However, he implies that school leavers should be able to explain how they construct written or spoken English.
I have long since forgotten how to parse a sentence and freely admit to ignorance of the nine parts of English as well as never having heard of a closed class of words until now.
These shortcomings do not prevent me from being able to communicate clearly and unambiguously in both written and spoken English.
I wonder whether Steve might use his time and influence better by pointing up and correcting some of the basic errors in English grammar. They are far worse than the inability to place commas correctly, in my view.
I cite an example: ‘My wife and I have been invited to a party’ is a grammatically correct sentence.
The sentence ‘John has invited my wife and I to a party’ contains a fundamental and increasingly common error. You don’t need to know your subjective and objective pronouns to know the ‘I’ in the second sentence should be ‘me’.
I have not conducted any research into this, but doubt the blame can be laid at the door of Curriculum for Excellence, as the error is just as common among people educated in other parts of the UK.
Perhaps the use of ‘me’ in a compound object such as ‘my wife and me’ is deemed somehow impolite or vulgar, while the wrong use of ‘and I’ is thought to be refined.
It may be that this aberration will become so widespread it will one day be as acceptable as Steve’s use of the split infinitive ‘to properly teach’. I hope not.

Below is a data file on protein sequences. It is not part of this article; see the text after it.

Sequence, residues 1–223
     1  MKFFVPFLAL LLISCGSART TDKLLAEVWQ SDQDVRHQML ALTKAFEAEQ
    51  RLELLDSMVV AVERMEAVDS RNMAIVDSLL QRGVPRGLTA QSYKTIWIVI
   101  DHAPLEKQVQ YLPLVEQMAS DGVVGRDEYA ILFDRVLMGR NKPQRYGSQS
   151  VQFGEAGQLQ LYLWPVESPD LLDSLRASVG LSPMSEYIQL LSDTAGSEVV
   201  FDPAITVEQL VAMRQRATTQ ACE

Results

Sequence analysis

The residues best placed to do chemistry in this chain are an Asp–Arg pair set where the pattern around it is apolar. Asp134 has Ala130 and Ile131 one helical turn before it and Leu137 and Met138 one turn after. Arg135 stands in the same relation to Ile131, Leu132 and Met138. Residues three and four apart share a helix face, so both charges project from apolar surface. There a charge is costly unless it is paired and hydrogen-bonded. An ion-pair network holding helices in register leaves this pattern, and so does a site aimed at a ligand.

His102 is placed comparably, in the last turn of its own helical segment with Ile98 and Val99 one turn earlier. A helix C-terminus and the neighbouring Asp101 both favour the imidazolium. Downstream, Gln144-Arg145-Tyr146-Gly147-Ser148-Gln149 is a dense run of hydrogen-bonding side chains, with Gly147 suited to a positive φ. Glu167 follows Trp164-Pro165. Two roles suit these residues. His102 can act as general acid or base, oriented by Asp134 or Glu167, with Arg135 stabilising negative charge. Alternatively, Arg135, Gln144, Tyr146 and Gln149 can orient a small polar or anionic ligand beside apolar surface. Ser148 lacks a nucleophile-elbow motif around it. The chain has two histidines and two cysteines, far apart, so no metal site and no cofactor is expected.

Alexander Davis MCIL.
1 Arthurfield Green,
Korea has much to teach UK
Sir, – At an earlier stage of the coronavirus outbreak comparisons were made with South Korea as to how well they were handling the outbreak compared to the UK.
The latest comparitive figures are: Korea has 21,177 cases and 354 deaths, UK 347,000 cases and 41,500 deaths.
Scotland has 21,400 cases and 2,500 deaths.
The Korean population is 51 million, about 20 percent less than the UK
The essential differences are Korea has airport testing, the UK does not. Korea has picked up 2,900 cases at airports since April.
Korea has a general availability of coronavirus testing, the UK does not.
Korea also has an effective track and trace system, the UK only partially.
Korea has self quarantine for all arrivals for 14 days, the UK requires self quarantine for some arrivals, but not all.
There is no restriction of movement in Korea, social distancing is followed as much as practical, and face masks are generally worn.
Christian churches have been the most common source of cases within Korea with one in Daegu (5,214 cases) and one in Seoul (1,162 cases) being particularly bad.
Whilst Korea is doing quite well the regional “star” is Taiwan, with 493 cases and seven deaths.
Taiwan was by far the first country to identify the threat from Wuhan and took immediate action.
The UK Government has allowed unrestricted entry of coronavirus into the country from the very beginning, and it is now so widespread that it is difficult to control.
There has been plenty of opportunity to learn from such successful countries but the UK Government chose to do their own thing, and now you are seeing the consequences.
I normally come to Scotland from Korea for a few months each year but may well give it a miss this year.
Yongho Dong, Namgu,
Busan, South Korea.